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J Biol Chem. 2005 Dec 30;280(52):43168-78. Epub 2005 Sep 4.

The murine orthologue of human antichymotrypsin: a structural paradigm for clade A3 serpins.

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Australian Centre for Blood Diseases, Monash University, Commercial Road, 6th Floor, MacFarlane Burnet Building, Alfred Medical Research Precinct, Prahran, Victoria, 3181.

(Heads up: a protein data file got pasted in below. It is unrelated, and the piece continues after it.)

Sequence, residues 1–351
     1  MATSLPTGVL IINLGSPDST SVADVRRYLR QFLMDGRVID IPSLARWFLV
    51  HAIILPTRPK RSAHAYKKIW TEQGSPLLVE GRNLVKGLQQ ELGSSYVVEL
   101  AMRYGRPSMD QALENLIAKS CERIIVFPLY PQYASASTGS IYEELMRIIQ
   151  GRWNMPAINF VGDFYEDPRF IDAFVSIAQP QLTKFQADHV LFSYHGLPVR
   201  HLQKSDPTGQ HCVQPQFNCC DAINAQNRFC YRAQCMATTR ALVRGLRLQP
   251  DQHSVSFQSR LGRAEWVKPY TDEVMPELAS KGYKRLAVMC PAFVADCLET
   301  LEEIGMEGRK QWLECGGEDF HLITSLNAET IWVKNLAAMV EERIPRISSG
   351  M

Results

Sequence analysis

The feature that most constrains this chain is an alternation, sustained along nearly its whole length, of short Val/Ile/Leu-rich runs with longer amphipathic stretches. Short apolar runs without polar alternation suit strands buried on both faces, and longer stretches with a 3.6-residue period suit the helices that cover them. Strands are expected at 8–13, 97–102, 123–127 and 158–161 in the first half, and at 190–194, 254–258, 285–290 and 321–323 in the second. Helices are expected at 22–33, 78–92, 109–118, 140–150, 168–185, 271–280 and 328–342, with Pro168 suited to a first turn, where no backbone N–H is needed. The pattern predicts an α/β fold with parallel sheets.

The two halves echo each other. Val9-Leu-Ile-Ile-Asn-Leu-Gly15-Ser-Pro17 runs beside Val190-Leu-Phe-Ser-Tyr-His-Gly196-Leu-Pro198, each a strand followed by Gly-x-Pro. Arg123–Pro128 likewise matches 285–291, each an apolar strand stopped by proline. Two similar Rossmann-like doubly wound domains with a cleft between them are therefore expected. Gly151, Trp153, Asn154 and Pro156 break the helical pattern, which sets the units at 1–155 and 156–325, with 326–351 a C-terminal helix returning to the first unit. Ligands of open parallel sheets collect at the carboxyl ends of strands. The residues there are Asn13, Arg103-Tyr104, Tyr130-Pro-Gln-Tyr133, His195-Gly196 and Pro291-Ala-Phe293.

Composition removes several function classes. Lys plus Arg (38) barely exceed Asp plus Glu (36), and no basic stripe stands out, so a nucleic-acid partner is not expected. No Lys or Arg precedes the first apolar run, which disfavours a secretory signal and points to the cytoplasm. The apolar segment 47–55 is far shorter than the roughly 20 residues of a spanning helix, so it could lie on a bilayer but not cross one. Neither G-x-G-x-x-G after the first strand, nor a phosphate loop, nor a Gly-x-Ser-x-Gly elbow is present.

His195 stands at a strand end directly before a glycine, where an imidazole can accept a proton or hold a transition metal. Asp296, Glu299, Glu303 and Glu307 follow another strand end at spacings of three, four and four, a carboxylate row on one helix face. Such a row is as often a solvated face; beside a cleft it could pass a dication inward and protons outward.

Antichymotrypsin (SERPINA3) is a widely expressed member of the serpin superfamily, required for the regulation of leukocyte proteases released during an inflammatory response and with a permissive role in the development of amyloid encephalopathy. Despite its biological significance, there is at present no available structure of this serpin in its native, inhibitory state. We present here the first fully refined structure of a murine antichymotrypsin orthologue to 2.1 A, which we propose as a template for other antichymotrypsin-like serpins. A most unexpected feature of the structure of murine serpina3n is that it reveals the reactive center loop (RCL) to be partially inserted into the A beta-sheet, a structural motif associated with ligand-dependent activation in other serpins. The RCL is, in addition, stabilized by salt bridges, and its plane is oriented at 90 degrees to the RCL of antitrypsin. A biochemical and biophysical analysis of this serpin demonstrates that it is a fast and efficient inhibitor of human leukocyte elastase (ka: 4 +/- 0.9 x 10(6) m(-1) s(-)1) and cathepsin G (ka: 7.9 +/- 0.9 x 10(5) m(-1) s(-)1) giving a spectrum of activity intermediate between that of human antichymotrypsin and human antitrypsin. An evolutionary analysis reveals that residues subject to positive selection and that have contributed to the diversity of sequences in this sub-branch (A3) of the serpin superfamily are essentially restricted to the P4-P6' region of the RCL, the distal hinge, and the loop between strands 4B and 5B.

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